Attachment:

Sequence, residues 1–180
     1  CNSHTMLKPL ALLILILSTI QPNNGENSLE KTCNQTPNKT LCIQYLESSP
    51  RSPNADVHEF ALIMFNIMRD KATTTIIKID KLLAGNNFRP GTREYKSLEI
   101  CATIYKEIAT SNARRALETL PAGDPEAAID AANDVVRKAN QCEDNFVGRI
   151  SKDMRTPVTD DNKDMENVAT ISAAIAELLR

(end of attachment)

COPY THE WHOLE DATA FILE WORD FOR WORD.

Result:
Sequence, residues 1–180
     1  CNSHTMLKPL ALLILILSTI QPNNGENSLE KTCNQTPNKT LCIQYLESSP
    51  RSPNADVHEF ALIMFNIMRD KATTTIIKID KLLAGNNFRP GTREYKSLEI
   101  CATIYKEIAT SNARRALETL PAGDPEAAID AANDVVRKAN QCEDNFVGRI
   151  SKDMRTPVTD DNKDMENVAT ISAAIAELLR